Six Baltimore teenagers recently worked to restore the wilderness character of Carson National Forest in New Mexico. All six are members of the Student Conservation Association, a national nonprofit organization that engages young adults in hands-on conservation to build connections with nature and provide career skills and training. In June and July, the crew members worked in urban parks at home in a pioneering program that employs underrepresented city youth in green summer jobs near their own neighborhoods. When given the option of performing similar work in a national forest, the teens jumped at the chance. During the day, they built hiking trails, restored campsites, and removed invasive plants before heading to base camp to prepare their own meals over an open fire, take in environmental lessons from their crew leaders and retreat to their tents for a restful sleep. The project is part of the Forest Service’s 10-year challenge to achieve specific stewardship objectives at more than 400 U.S. Forest Service sites by 2014, the 50th anniversary of the Wilderness Act.
In September 2012, the basketball community will join civil rights organizations to “Defend the Vote.” In the months leading up to the November elections, the basketball communities in New York, Philadelphia and North Carolina will join branches and chapters of National Action Network, Urban league (New York Young Professionals) and the NAACP New YorkCity Housing Authority branch to host a number of basketball games to support the Get Out The Vote campaign. These games will feature some of the top amateur players on the East Coast. There will also be a game, featuring entertainers, promoters, former basketball professionals and coaches. The mission of these games is to ensure that eligible voters can participate in the democratic process via the vote. Their goals are to raise funds to support anti-voter suppression efforts, register voters, educate former felons about their voting rights, and raise awareness of the importance of this year’s election. The games will begin Sept. 22 at the Riverbank State Park at 679 Riverside Drive in Harlem, New York. Rev Al. Sharpton will be a guest speaker, and there will be a half-time show by T.E.V. & Creative Boys Culture. For tickets and/or for more information, call (347) 323-3844.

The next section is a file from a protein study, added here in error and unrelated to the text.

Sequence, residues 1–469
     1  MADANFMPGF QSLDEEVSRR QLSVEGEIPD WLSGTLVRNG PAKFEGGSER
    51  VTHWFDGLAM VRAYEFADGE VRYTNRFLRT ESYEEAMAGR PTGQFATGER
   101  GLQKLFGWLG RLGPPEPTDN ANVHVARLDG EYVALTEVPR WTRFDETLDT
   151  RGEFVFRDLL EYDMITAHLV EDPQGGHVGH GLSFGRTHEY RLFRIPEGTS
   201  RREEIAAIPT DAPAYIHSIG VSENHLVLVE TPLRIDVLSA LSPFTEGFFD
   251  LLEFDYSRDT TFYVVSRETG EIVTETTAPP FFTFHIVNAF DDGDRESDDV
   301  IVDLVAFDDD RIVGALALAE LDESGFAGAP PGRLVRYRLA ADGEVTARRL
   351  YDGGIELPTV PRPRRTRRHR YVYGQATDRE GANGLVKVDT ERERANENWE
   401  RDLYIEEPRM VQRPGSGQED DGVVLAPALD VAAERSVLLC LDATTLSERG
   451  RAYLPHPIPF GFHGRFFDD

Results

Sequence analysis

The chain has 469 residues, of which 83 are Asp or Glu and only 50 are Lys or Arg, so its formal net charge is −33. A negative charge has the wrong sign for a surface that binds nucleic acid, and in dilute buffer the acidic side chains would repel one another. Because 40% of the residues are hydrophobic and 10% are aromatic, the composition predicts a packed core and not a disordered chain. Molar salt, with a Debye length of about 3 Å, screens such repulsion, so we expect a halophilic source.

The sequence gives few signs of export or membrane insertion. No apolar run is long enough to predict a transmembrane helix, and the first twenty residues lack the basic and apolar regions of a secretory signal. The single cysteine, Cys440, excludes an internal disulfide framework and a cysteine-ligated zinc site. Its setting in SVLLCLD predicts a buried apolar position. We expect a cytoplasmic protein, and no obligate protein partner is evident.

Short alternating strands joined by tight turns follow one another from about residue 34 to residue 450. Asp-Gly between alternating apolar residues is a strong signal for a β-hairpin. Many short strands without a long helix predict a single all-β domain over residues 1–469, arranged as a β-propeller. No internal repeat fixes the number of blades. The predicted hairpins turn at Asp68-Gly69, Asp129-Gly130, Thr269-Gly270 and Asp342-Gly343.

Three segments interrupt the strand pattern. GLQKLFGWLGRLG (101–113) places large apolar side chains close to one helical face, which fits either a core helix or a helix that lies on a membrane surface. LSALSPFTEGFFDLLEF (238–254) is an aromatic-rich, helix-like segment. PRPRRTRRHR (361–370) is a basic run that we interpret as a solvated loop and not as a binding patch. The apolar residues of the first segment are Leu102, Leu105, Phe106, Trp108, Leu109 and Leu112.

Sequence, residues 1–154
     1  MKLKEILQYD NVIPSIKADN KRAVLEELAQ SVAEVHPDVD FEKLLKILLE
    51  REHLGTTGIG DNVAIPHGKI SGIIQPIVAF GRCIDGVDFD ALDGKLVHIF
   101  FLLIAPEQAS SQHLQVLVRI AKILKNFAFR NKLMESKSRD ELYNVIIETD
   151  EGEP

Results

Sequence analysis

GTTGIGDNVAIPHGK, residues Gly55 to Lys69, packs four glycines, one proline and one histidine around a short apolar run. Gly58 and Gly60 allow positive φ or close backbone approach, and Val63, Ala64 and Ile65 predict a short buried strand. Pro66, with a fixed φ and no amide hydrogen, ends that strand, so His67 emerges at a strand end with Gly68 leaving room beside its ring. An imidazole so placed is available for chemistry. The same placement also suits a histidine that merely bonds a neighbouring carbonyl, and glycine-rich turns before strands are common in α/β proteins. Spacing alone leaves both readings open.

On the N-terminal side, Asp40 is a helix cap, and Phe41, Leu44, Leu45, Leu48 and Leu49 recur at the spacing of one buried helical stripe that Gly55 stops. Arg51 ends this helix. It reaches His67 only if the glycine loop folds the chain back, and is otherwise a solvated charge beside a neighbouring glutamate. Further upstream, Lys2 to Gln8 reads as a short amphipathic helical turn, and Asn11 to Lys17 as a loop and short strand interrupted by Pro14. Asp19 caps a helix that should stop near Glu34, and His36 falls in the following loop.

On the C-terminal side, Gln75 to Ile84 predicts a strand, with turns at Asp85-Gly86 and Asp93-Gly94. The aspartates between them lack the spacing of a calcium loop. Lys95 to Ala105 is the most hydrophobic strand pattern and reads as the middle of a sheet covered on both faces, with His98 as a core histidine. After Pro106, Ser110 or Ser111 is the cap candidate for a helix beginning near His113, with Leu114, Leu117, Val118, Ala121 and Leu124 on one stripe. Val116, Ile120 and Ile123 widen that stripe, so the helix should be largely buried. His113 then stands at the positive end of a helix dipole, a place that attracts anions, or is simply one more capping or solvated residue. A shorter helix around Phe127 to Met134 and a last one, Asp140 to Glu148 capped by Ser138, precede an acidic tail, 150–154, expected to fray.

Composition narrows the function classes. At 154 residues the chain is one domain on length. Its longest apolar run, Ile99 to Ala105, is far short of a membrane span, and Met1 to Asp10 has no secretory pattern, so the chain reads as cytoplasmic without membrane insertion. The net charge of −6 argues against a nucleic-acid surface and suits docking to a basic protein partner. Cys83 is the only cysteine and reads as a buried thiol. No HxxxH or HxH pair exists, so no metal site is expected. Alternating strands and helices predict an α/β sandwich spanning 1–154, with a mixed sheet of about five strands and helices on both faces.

The Links Foundation Inc. recently announced that it has been selected for a $250,000 grant from Chevron in support of Science, Technology, Engineering and Mathematics education. The funds, designated to help eliminate the STEM academic achievement gap for students of color, will be dispersed over a two-year period, beginning in the fall of 2012. The grant provides vital funding to enhance one of the key programs of the Links Inc.–“STEM – ULATING Left Brain and Right Brain.” With a focus on students from the 6th to 12th grades, the program aims to enhance the current curriculum, emphasizing STEM disciplines, engineering and energy industry career readiness. The organization expects to reach approximately 1,200 students across the country with this academic enrichment. A key enhancement of the program is the incorporation of the National Aeronautics and Space Administration STEM Application Content. The content includes educational and professional development, as well as teacher training tools.
Fitz Hill, president of Arkansas Baptist College, who served as assistant head football coach for the Arkansas Razorbacks before being selected as the first African American to lead the San Jose State football program, has been a passionate, longtime scholar when it comes to the challenges faced by African Americans in the college coaching profession. After years of research, he has now written a book on the subject, “Crackback! How College Football Blindsides the Hopes of Black Coaches.” Seeking a diverse perspective on race-related issues for African American football coaches, Hill chose to co-author his book with Mark Purdy, an award-winning sports columnist for the San Jose Mercury News. Hill has spent the last 24 years studying race-related barriers for African American football coaches employed at predominantly White colleges and universities.
Compiled by Juliana Norwood